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Heat pulses in Al203 single crystals at low temperatures. Chung, David Yih

Abstract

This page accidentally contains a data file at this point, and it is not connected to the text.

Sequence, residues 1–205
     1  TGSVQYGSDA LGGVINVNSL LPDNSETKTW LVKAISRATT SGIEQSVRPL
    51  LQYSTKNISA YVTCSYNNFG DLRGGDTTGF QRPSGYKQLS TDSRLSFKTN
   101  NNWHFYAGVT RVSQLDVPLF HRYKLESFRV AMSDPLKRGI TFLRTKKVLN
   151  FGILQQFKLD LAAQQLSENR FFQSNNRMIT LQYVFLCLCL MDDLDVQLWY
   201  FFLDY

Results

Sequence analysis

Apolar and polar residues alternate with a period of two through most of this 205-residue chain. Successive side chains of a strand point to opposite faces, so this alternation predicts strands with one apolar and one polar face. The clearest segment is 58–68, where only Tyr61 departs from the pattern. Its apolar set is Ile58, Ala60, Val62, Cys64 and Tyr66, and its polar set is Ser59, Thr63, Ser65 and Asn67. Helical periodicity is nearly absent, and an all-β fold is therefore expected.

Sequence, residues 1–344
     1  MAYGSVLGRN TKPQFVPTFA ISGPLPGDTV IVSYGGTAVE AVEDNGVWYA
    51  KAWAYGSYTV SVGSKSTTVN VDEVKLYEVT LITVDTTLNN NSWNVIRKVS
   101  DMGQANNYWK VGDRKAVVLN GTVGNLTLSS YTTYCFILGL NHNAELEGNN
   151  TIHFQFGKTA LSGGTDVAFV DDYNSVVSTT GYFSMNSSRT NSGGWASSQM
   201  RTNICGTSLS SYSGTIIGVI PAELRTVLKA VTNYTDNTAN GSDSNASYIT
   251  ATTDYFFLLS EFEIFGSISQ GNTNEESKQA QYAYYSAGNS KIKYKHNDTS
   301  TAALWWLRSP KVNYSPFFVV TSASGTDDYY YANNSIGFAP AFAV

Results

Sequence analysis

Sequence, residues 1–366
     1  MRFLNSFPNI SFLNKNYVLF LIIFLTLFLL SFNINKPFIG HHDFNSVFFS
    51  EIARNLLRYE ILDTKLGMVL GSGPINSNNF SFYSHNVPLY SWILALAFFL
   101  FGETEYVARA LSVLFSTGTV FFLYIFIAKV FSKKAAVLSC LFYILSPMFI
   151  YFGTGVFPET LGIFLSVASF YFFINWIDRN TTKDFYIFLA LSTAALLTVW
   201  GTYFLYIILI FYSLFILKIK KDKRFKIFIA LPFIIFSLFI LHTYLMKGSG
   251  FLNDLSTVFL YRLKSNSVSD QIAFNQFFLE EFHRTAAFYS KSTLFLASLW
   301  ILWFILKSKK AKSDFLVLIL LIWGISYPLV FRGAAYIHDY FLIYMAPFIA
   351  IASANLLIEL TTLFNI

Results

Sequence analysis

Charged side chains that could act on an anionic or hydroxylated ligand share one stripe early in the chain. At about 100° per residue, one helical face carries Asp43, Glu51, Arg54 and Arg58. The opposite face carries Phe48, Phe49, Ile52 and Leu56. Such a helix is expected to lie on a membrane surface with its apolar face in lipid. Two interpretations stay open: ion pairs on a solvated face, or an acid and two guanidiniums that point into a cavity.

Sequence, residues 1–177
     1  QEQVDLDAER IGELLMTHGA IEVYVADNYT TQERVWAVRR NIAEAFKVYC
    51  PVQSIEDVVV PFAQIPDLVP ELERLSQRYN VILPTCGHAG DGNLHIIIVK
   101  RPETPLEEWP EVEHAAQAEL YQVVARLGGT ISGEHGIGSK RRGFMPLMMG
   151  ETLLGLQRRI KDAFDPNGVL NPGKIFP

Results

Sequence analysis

Heat pulse experiments have been made on Al₂O₃ single crystals in the temperature range 3.8° K to 35°K with the aim of gaining further insight into the nature of heat transport in solids at low temperatures. Short heat pulses were produced by heating a thin metal film evaporated on to one end of the crystal. The thermal pulse arriving at the other end of the crystal was detected by an indium film thermometer placed in a coil connected to a sensitive radio-frequency bridge, so that the variation of resistance was finally displayed on an oscilloscope. The pulses received at low temperatures (3.8°K to 8°K) show two quite separate parts, an initial sharp rise followed by a slow rise, starting at a definite delay time corresponding to the phonon velocity in the medium. The results up to 18°K do not show appreciable variation in delay time, showing that the heat pulse propagation has not entered a second sound region. As the temperature increases, the amplitude of the initial phonon pulse decreases very much compared with the amplitude of the slow rise. Above 18°K, the small sharp rise can no longer be seen clearly so that the delay time is no longer well defined, and at 30°K only the slow rise is observed. It is found that the conventional theory of heat conduction is inadequate to interpret our results at low temperatures, as it fails to predict the finite delay of the initial rise of the received pulse. A phenomenological approach is taken, using a modified heat equation which has an electrical transmission line analogy. Using Laplace transforms, a solution is obtained and the results calculated with a computer are compared with the experimental curves. It is found that the pulse shape can be interpreted quite satisfactorily, especially at the lowest temperatures. The thermal diffusivity, D, for different temperatures is found, and the apparent thermal conductivity, K, is calculated and compared with Herman's (1955) results. The solution of the modified heat equation is also calculated for liquid He II at 0.25°K and compared with the heat pulses observed by Kramers et al (1954); very good agreement is obtained.

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